Lumbar herniated disc
The jelly-like core of a lumbar disc can burst through the thick outer covering and irritate a nerve root in the surrounding area.
Degenerative disc disease
Degenerative disc disease (DDD) is characterized by low-level chronic pain interspersed with periods of more acute pain. DDD is a prevalent cause of lower back pain, particularly as you age.
Sudden, sharp pain that intensifies with movement might result from spontaneous muscle spasms around the spine. Spasms may increase the occurrence of inflamed or irritable muscles.
Narrowing the gaps inside the spine may compress your spinal cord and nerves. Walking or standing for extended periods may also cause discomfort or tightness in the legs.
Facet joint dysfunction
You'll find two facet joints behind each disc at each motion segment of your lumbar spine. They contain cartilage between the bones and are encircled by a capsular ligament densely innervated by nerves, which gives them their name. Disc pain may occur alone or in combination with these joints, making them very painful.
Your pain may result from acute fractures or dislocations of your spine. If you have lower back pain that arises after a traumatic event such as a car accident or a fall, you should seek medical attention right away.
You should consider seeing a health care provider if your lower back pain does not resolve with simple measures or if it is prolonged, as this could mean that there might be a more serious underlying cause.
Most people find significant improvement in their lower back pain within a month of home care. Each sufferer, however, is unique, and lower back pain can be a difficult condition to deal with. Many people have acute and subacute types of lower back pain and about 20%² will develop chronic lower back pain with symptoms persisting for a year.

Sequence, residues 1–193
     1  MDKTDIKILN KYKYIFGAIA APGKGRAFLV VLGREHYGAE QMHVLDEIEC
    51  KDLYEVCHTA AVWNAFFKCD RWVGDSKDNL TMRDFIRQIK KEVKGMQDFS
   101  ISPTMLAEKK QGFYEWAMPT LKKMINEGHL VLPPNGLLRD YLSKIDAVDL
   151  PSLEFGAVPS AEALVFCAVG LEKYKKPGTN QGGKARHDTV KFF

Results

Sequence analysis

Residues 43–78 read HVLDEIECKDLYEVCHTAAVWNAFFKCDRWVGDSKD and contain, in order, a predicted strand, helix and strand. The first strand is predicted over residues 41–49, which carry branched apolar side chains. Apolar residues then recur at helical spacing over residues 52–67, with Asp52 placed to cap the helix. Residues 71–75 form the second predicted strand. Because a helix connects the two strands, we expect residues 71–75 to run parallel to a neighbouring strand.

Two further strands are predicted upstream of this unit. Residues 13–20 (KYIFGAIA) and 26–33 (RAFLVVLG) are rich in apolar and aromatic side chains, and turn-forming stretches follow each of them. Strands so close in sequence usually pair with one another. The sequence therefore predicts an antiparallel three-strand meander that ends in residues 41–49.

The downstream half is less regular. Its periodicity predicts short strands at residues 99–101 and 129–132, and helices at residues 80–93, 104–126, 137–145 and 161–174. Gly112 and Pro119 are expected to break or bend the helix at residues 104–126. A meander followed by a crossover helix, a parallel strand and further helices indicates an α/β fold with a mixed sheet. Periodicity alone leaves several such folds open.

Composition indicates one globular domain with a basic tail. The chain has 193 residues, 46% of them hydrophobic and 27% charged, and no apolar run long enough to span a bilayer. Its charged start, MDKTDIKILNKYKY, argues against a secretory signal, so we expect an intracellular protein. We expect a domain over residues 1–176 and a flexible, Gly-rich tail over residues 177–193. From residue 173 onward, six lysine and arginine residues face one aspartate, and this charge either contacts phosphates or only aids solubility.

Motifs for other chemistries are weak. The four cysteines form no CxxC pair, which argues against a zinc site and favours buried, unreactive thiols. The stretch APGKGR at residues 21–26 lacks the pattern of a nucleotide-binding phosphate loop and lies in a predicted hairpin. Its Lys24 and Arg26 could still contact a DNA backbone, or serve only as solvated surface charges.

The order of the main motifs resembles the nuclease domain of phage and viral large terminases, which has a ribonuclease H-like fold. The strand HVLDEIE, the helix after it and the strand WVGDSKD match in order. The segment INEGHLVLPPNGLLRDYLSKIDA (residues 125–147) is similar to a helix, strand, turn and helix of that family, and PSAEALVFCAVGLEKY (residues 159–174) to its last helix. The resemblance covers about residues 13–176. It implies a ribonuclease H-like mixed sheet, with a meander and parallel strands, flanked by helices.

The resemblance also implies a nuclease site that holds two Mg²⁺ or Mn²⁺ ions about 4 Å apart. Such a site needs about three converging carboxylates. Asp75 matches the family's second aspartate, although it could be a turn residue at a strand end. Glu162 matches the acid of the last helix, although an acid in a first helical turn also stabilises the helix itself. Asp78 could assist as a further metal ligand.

Seek treatment as soon as possible if you are experiencing lower back pain alongside any of the following symptoms:
Intense and prolonged pain
Trouble walking or moving your legs
Lack of bowel and bladder control
Numbness or weakness, especially in the legs
Other troubling symptoms
Your doctor will help determine the probable reasons for your lower back pain and provide appropriate treatment recommendations.
Due to the sheer intricate nature of your lower back, even minor injuries to any section of the lumbar region may result in significant pain and discomfort.
Lower back pain may be caused by mechanical reasons (due to the spine and its supporting structures), or something more serious such as an infection, bone damage, tumor development, or inflammatory illnesses such as spondylitis or osteoarthritis.
Although lower back pain is a common issue that often resolves on its own with time, you may need to schedule a consultation with your doctor in some cases. The amount of time it takes your lower back pain to recover depends on its cause and the severity of the pain. Minor episodes heal within a few days, while chronic pain might last for many weeks before it subsides. Rigorous physical activities may also aggravate your lower back pain and prolong the healing time.
It is important to remember that everyone recovers at a different pace.